Response to Radiolab Podcast on Memory and Forgetting Response to Radiolab Podcast on Memory and Forgetting Part One Long-term memories are swayed by the emotion that exist or prevails during the learning process. Similarly, long- term memories are influenced by prevailing emotions during the retrieval process (Reed, 2013 p. 98). In radiolab podcast, it emerges that long term memories are retrieved, although not in a vivid manner, through the emotions that exist during the retrieval of the memory. A story about two lovers in their youth is told. In the story, the painter happened to retrieve the memories, although, subconsciously, of a girlfriend through the emotions of love and passion that exists in the painter’s work. It is true, according to the podcast that memory over time becomes less vivid, but someone could to remember an occurrence based on the emotions that prevailed at that moment the memory was learnt. In the story from the podcast, the passion the painter has for painting evokes the memories the painter had experienced while in love in the past- emotion of passion. consequently, the painter paints the picture of a long-time girlfriend in vivid manner.
Long term memory has no capacity boundaries and could persist from minutes to a lifetime (Reed, 2013 p. 98). In the Radio lab podcast, it emerges that every time one remembers a memory, they are recreating them a fresh. In line with this, it means that long term memory cannot be exhausted regardless on the fresh formulation of the past memories. In essence, people reinterpret want they retrieve from long term memory in light with the present time. As a result, the capacity is limitless due to the refresh of memories, and a new restoration of the former memory.
Elizabeth Loftus is one of the researchers in the field of psychology that have set out to carry out experiments to discover the malleability of memory. The researcher established that 25 % of persons can be certainly persuaded to recall occasions that never occurred to them– fabricated memories that feel unquestionably factual (Loftus, 2011). The results resonate with Reed (2013) that memory has no capacity, because regardless the number of memories, memory is malleable to absorb more memories.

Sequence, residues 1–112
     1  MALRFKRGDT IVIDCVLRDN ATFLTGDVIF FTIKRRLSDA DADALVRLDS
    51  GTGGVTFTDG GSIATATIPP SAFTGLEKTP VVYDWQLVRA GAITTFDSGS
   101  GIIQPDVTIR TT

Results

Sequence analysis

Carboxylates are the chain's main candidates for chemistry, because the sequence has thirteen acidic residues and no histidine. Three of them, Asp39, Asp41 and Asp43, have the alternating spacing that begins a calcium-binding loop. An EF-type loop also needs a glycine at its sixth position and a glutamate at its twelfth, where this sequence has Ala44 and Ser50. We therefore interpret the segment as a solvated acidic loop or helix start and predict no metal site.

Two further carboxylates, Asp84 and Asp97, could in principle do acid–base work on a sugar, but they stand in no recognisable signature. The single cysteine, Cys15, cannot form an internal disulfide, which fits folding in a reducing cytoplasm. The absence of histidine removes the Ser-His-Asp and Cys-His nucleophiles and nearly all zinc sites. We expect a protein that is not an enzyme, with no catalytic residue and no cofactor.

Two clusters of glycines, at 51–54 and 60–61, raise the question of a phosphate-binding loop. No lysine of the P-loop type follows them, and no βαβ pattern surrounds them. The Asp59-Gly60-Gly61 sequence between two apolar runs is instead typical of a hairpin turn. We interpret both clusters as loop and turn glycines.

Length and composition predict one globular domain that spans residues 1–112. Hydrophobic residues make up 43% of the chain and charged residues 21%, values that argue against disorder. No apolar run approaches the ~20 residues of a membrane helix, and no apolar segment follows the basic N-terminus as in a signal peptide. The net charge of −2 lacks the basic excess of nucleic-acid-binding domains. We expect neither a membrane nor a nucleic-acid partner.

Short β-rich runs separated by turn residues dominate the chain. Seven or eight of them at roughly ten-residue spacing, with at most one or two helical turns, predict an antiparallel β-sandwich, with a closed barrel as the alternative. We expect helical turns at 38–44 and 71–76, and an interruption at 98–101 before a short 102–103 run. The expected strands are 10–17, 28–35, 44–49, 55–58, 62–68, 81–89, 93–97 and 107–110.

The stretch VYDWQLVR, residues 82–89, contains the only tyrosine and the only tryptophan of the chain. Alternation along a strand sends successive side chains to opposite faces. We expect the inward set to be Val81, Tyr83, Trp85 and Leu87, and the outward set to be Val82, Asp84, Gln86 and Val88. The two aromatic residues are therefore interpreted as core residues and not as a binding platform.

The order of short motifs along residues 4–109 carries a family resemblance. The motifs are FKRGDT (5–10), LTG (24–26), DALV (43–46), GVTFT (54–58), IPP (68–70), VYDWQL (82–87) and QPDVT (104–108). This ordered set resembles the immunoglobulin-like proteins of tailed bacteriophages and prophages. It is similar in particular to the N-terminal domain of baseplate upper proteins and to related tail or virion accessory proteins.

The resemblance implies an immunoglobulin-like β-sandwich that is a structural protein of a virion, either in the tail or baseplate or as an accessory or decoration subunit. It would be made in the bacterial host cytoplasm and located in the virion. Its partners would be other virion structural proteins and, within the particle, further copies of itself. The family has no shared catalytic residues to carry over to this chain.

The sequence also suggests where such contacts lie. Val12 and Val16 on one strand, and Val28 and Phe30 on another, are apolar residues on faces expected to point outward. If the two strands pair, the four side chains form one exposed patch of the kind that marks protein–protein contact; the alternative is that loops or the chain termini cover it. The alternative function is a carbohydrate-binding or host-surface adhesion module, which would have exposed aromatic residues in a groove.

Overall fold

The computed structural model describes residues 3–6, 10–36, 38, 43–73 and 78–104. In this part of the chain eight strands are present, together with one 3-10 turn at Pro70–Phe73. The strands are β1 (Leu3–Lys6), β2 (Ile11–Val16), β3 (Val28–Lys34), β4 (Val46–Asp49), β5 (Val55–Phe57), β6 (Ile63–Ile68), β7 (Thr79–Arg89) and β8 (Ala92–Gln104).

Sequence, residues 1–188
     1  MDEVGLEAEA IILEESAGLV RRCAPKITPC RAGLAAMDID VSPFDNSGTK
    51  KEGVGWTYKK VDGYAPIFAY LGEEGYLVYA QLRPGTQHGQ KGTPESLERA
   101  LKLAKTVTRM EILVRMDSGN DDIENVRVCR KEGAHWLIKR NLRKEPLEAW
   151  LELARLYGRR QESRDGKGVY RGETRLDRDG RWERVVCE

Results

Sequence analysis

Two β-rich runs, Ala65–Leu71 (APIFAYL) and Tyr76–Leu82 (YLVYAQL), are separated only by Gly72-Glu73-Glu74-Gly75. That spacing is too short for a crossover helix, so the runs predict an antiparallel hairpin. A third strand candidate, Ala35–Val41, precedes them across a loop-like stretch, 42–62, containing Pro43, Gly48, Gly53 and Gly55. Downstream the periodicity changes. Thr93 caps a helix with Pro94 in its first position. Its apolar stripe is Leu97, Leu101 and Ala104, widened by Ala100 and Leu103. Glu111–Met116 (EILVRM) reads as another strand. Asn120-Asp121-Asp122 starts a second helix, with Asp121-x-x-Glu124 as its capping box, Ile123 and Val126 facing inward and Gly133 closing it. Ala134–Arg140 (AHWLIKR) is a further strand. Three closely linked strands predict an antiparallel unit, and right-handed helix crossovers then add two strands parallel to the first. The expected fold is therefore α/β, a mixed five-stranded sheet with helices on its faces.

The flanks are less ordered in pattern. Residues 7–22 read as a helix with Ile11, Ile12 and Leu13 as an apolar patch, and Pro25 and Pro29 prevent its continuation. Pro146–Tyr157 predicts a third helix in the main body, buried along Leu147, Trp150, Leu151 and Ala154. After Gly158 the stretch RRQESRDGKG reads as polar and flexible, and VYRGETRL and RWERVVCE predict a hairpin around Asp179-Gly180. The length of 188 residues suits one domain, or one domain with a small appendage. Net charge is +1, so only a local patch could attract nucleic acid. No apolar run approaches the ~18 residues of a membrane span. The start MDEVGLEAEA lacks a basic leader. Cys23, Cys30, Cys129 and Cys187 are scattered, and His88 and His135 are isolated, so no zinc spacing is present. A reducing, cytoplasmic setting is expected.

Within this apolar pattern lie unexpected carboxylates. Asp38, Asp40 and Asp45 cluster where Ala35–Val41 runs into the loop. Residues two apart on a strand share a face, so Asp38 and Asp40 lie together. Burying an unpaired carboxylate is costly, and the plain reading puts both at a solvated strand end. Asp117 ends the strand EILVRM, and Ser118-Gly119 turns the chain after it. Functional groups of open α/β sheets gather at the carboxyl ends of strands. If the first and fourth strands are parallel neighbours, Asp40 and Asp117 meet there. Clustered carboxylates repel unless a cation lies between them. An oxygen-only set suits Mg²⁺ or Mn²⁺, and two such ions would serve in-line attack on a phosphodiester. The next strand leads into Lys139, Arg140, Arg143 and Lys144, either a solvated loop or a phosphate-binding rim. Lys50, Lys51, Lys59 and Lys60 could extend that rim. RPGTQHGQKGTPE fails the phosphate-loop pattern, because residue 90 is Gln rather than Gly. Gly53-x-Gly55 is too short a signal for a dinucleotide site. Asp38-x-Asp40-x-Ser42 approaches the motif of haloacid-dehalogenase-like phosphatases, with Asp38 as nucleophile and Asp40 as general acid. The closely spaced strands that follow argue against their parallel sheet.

Can we enhance long memory through the use of training and brain stimulation? Can this be possible owing to the fact that memory is linked to attention, and probably enhancing attention through training could make an individual remember an event or object for a significantly long time?
The Radiolab asserts that every memory is created new every time one remembers it. In line with this, can one improve working memory through the improvement of intelligence? Because attention and working memory are intricately related, so can improved intelligence boost working memory has well? It is in the working memory that memories are created afresh, so maybe, will greater intelligence lead to less distortion of working memory in future?
I think it is ethical to remove some memories. if those memories cause psychological disturbance to a victim. In essence, there are traumatic incidences such as accidents, murder, and rape that invoke mental discomfort in a person. Such memories are better off erased through medication. If the drug in animals is perfected, the right time to use it is during post traumatic treatment and the wrong time to use it will be by suppressing the memory of court witness, abductees , and other criminal activities that impair memory at the expense of justice. In reference to the radiolab podcast, I think doctors should be allowed to use it on patients who need it.
Loftus, E. F. (2011). Intelligence gathering post-9/11. .American Psychologist, 66(6), 532.
Reed, S. (2013). Cognition: Theories and Applications. Belmont, CA: Cengage Learning.